Instead, it’s about having courageous conversations that make a difference for the leader, the person, and the relationship.  These conversations should be occurring all the time.

Leaders should be soliciting honest feedback 

Leaders have to be able dish it out and take it.  It’s not enough to give honest feedback.  That is almost expected.  One of the most important paths to an open honest environment is when employees see that they can be honest too.

It is not about nitpicking or gripping.  It is a professional, measure delivery of feedback that includes a suggestion for correction.

Employees should be encouraged to give feedback to leaders in a constructive way without retribution.  This will show that this kind of straight talk is encouraged.  It sets the tone for peers to give each other that kind of feedback too.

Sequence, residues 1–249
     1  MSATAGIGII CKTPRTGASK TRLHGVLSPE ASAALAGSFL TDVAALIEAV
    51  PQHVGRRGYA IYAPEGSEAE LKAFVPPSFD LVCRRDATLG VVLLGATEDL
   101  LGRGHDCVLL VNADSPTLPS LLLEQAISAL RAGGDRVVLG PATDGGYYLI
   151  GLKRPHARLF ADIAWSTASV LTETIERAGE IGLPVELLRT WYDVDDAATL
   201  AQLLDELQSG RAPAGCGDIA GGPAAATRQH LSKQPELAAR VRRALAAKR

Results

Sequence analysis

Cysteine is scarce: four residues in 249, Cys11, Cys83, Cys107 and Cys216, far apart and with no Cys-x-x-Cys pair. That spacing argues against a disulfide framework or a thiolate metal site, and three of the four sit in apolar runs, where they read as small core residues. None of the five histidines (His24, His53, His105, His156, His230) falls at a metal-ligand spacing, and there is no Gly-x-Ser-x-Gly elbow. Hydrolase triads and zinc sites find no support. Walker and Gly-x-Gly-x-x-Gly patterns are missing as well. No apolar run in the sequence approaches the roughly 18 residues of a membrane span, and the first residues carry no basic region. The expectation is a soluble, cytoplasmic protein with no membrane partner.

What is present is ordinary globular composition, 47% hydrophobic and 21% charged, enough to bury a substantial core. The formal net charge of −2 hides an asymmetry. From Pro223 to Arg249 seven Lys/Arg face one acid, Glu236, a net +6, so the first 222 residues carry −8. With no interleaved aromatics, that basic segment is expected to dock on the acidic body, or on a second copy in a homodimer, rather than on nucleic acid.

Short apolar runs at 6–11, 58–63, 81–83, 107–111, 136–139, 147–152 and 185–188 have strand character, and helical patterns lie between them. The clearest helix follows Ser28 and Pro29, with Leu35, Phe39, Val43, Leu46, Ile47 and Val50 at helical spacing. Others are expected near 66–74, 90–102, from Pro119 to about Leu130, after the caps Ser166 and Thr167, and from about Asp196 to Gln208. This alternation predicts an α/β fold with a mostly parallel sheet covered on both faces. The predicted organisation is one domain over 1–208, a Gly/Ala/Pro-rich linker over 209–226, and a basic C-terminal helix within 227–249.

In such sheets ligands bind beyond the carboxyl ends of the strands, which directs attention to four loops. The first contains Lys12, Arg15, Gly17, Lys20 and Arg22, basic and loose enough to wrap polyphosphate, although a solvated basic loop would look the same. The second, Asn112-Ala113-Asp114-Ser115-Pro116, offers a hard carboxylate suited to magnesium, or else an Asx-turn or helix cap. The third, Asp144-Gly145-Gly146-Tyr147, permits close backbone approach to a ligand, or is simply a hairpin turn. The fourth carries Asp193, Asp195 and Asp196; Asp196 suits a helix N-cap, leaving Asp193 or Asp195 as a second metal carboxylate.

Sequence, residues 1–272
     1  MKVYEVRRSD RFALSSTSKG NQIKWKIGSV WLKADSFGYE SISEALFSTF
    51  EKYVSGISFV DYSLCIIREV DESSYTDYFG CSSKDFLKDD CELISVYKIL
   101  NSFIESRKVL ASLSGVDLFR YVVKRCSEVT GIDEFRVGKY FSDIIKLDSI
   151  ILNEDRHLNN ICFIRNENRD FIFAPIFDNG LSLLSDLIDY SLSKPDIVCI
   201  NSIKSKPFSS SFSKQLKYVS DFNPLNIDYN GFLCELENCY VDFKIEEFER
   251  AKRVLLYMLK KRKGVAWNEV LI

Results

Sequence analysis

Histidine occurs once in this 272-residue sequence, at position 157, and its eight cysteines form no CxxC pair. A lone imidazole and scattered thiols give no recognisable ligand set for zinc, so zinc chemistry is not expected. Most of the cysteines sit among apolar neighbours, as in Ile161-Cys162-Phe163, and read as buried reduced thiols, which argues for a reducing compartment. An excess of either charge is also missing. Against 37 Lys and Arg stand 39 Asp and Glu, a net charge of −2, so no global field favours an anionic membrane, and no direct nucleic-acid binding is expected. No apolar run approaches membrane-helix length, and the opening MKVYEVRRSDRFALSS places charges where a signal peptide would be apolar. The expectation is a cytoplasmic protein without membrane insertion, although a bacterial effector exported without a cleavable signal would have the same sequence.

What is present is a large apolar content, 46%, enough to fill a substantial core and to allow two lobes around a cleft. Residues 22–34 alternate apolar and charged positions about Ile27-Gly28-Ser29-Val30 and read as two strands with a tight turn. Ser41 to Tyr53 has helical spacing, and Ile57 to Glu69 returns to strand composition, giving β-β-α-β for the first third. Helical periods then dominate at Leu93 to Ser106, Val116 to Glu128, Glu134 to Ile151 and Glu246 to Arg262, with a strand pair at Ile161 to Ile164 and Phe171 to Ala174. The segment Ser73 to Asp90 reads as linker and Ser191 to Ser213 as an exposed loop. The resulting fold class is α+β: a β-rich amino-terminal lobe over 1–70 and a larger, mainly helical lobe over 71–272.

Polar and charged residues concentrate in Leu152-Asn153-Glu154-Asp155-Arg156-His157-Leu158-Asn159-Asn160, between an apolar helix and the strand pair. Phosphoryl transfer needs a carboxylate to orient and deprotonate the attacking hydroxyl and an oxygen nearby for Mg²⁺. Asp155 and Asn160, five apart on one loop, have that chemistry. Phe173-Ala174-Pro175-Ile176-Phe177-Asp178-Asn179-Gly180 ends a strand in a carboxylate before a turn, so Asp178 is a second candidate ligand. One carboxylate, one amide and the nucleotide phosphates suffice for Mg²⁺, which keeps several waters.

Leaders should promote healthy conflict

“Advancement is only made through conflict.” It is impossible to have a functional, honest and productive relationship of any kind without conflict.  If team members do not know how to resolve issues between each other or come to compromise solutions then we have an environment like the American Congress.  This is the land where nothing gets done except to undermine or hurt the other side.

Healthy conflict can lead to increased camaraderie and higher engagement.  So don’t shy away from conflict.

Promote people resolving issues and creating awesome solutions through conversation.  Its powerful, that’s what Reagan and Gorbachev did to end the cold war…

Seriously Motivate People

Leaders know the folks on their team.  They really know the things that really underlie why they work. Having this information enables they to understand what motivates.

Ask yourself these types of questions about people that you lead:

  • Is it time off to take a trek?
  • Is it a little extra money or help coordinating a family trip?
  • Is it tickets to the new Avengers movie?

Leaders that have gained their team’s trust know.

Treat People Like Adults

Leaders aren’t afraid to share everything they can with the folks on their teams. When you work with people you trust its not a big deal to be honest.
If a leader is expected to to treat team members like adults, then there should be an expectation to reprimand those that don’t follow the rules.